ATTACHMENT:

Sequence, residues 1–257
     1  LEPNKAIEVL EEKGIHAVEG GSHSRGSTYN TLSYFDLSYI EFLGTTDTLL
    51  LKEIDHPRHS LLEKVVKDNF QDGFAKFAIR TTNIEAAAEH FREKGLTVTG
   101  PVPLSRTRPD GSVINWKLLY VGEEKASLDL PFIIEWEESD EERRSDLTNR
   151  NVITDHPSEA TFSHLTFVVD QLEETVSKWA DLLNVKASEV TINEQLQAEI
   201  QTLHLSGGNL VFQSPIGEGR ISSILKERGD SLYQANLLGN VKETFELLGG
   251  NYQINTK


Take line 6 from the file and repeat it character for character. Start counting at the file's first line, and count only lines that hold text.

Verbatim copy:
   201  QTLHLSGGNL VFQSPIGEGR ISSILKERGD SLYQANLLGN VKETFELLGG